“Through Service to the Orient”
The Great Northern Railway launched the Oriental Limited between St. Paul and Seattle on December 5, 1905, replacing the Great Northern Flyer. The Oriental Limited designation reflected the Asiatic commerce which had been one of J.J. Hill's motivating objectives in building the railroad itself. The Great Northern's crack transcontinental bore this name between 1905 and 1929. Significant changes were made to the Oriental Limited in 1909, and again in 1922 after the USRA era. On May 31, 1924, an improved Pullman built New Oriental Limited was placed in service.
In the 1890's Seattle began building better port facilities for handling maritime trade with the Far East. In 1896, GN became the first U.S. railroad to serve the Orient through an agreement with Nippon Yushen Kaisha, a Japanese steamship line. Possessing the shortest route from Puget Sound to St. Paul, Great Northern’s traffic flourished as trade with the Oriental grew. In 1903, the railway completed its own dock at Smith's Cove, at the northern end of Seattle’s Elliott Bay. In 1905, the Great Northern steamships MINNESOTA and DAKOTA were placed in service between Seattle and the Far East. It was now possible to travel on Great Northern equipment from St Paul to the distant ports of the Orient. December 5, 1905, the Oriental Limited was launched as Great Northern's flagship. Its 58 hour schedule over the 1,829 miles between the Twin Cities and Puget Sound won the crown as the swiftest train, four and one half hours faster than its closest rival, the North Coast Limited.
The Oriental Limited was a name which emphasized that the transportation service offered by Great Northern did not end at port of Seattle and fulfilled Hill's dream of direct rail-water connections between the Middle West and the ports of the Far East. Mr. Hill anticipated creating a greater market for American exports, such as steel, wheat and cotton, while establishing Great Northern in the lucrative import trade of silk and tea from the Orient.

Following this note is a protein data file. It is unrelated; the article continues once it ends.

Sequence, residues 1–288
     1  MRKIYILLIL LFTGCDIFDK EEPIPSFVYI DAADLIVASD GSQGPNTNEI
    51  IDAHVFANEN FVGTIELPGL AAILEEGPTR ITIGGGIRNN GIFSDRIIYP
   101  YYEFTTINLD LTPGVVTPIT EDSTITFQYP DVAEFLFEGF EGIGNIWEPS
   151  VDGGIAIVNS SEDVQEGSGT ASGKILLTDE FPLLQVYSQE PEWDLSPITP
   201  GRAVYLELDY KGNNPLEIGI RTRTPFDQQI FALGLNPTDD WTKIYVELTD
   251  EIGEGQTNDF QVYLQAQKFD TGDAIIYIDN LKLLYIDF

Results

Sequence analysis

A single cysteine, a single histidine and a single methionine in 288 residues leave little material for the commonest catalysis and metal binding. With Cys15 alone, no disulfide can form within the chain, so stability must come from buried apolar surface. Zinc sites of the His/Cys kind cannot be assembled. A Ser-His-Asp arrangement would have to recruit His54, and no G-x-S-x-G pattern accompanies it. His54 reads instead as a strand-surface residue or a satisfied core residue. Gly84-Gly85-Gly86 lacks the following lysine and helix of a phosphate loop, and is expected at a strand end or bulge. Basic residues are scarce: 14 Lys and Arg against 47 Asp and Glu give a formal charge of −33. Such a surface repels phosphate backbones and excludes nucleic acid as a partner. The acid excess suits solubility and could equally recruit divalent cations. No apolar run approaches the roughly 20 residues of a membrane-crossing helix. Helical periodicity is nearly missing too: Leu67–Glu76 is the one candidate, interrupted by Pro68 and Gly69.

The Oriental Limited Begins
The Railway and Engineering Review, dated November 11, 1905 contained the following announcement:
On November 19, the Great Northern Railway will start a new and addition l train between St. Paul and Puget Sound Points. This will be known as the Oriental Limited and will have new car equipment throughout, consisting of large day coaches, tourist sleepers, palace sleeping cars, dining cars and compartment observation cars. Each car will be of the very latest design in its class and contain all the latest refinements in decoration and arrangement. The observation buffet library compartment cars will be the first of their kind to be used in transcontinental traffic and have been given particular attention. The rear half of these cars is devoted to the observation room, handsomely furnished with easy chairs, writing desks, etc. Wide plate glass windows afford an unobstructed view of the surrounding country..... A well stocked buffet and a branch of the Booklovers library and current periodicals will also be found in this car. The dining car equipment and service has also been given much attention. All service will be ala carte.
Other advertisements, announcing the train, referred to it as the ’perfect train’ lighted by acetylene gas. Although the glowing notices went on to state that the trains had new equipment while being careful not to say all new equipment. In fact, the Oriental Limited which steamed forth in December 1905 was a mix of new and old equipment. During 1905, Great Northern acquired new coaches, diners and observations in anticipation of the new train. It was not until 1906 and 1907 that builders Barney and Smith and Pullman were able to deliver new smoking cars, tourist and first class sleepers.
Once assembled, the appearance new equipment presented a striking departure from the traditional Great Northern varnish. The glossy grooved sheathing sported graceful arched windows, capped with colorful art glass. The highly polished passenger cars were painted a deep olive green, and the roofs, underbodies and trucks were painted a darker olive shade. On the letterboard the words “Great Northern” were proudly painted in goldleaf and outlined in black as was all the external lettering. Characters on the letter board were six inches tall while the car names, centered on the sides below the windows, were four and one half inches high. The first letter of each word of the car name was slightly bigger than the rest.